were going to win it this year, and we did it,” Harrell said. The win against Columbia River was a momentous turning point in the Patriots’ season, Nguyen said. It instilled confidence and a belief that Liberty really could make it to the top, after coming so close the past few years. In 2012, the Patriots placed fourth at state; a year earlier, they finished second. “It’s unbelievable for the

seniors, for our school,” Abel said. “We came back and won it.” Liberty reached the title game after a close victory against Seattle Prep in the semifinals. That Nov. 22 game went to a shootout. The continuity in coaching played a big factor this year, Harrell said, as the Patriots had the same coach for consecutive years for the first time in a while. “It’s nice understanding how she coaches, and she knows us, and we were able to just put it all together,” Harrell said of Nguyen, Liberty’s secondyear coach. Ten seniors will graduate from this year’s Liberty squad, a special group that was defined by their close relationships, Nguyen said. “Their leadership of getting the underclassmen on board and teaching the tradition of our program has been important,” she said. “They’ve really taken those guys under their wing, which really instilled a good team atmosphere for us.”

THE AGONY OF DEFEAT Issaquah girls lose second straight finale heartbreaker By Christina Corrales-Toy This was supposed to be their year. After a painful loss to rival Skyline in last year’s state championship, the Issaquah High School girls soccer team was not about to let the sting of second place plague them again. The Eagles were off to a great start in 2013, finally defeating the Spartans in a thrilling shootout victory in the state quarterfinals Nov. 16. They ran past Olympia with ease, notching a 3-0 win in the state semifinals Nov. 22. Yet, for the second straight year, the Eagles came up short in the 4A state title game after a heartbreaking 3-2 penaltykick shootout loss to Central Valley at Puyallup’s Sparks Stadium Nov. 23. “It’s disappointing, but we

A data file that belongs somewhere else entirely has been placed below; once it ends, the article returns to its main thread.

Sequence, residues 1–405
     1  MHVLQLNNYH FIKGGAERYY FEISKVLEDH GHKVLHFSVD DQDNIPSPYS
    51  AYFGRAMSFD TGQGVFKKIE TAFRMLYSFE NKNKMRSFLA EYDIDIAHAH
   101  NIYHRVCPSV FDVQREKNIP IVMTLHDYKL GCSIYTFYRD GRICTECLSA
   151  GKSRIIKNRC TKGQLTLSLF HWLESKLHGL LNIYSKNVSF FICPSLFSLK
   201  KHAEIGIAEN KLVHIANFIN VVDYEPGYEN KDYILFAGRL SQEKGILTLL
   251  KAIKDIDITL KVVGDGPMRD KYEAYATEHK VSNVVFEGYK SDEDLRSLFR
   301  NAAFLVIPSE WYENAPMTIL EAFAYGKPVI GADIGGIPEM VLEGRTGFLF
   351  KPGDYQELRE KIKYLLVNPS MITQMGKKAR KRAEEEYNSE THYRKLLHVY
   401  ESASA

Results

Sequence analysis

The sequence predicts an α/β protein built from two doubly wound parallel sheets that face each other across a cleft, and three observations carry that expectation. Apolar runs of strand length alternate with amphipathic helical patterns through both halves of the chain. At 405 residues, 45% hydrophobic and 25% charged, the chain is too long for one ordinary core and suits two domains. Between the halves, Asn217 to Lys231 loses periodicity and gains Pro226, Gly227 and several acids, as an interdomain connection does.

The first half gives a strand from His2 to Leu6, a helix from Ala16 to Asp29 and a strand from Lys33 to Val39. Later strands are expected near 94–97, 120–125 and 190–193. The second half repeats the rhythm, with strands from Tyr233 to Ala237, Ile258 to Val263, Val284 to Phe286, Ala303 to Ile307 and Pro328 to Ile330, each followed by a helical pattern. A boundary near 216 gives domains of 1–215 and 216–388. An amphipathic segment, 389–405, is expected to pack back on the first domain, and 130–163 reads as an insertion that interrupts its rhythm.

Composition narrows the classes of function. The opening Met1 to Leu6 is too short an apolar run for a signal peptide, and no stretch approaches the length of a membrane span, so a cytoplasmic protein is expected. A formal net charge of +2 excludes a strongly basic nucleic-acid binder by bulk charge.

gave it a really hard fight,” Issaquah junior Devan Talley said. “They’re a really good team, and we’re just going to have to come out next year and play harder.” Talley gave Issaquah an early lead, scoring in the 16th minute, off a pass from Issaquah forward Rachel Wheeler. Issaquah held the 1-0 lead until the 49th minute, when Central Valley’s Savannah Hoekstra scored. “After the first 30 minutes of the game, it was like wow, we we’re just on fire, we’re in their head, and then the last 10 minutes of the half, Central Valley kind of gave a run at us,” Issaquah coach Tom Bunnell said. The Eagles recaptured the lead after senior Juliana da Cruz came up with an unassisted goal in the game’s 71st minute. Central Valley’s Hailey Spooner tied it up in the


Anna Miller, Issaquah High School sophomore goalkeeper, and her tearful teammates congratulate the Central Valley Bears after coming in second in the state 4A girls soccer championship final Nov. 23 in Puyallup. 79th minute, ultimately sending the teams to overtime. The score remained tied after two overtime periods, forcing the penalty kick shootout. Issaquah missed two of its first three penalty kicks, a hole they were unable to overcome, as Central Valley kicked its way to the state title. “I’m disappointed by the whole thing and I’m sure the girls are crushed, but it was a great run, great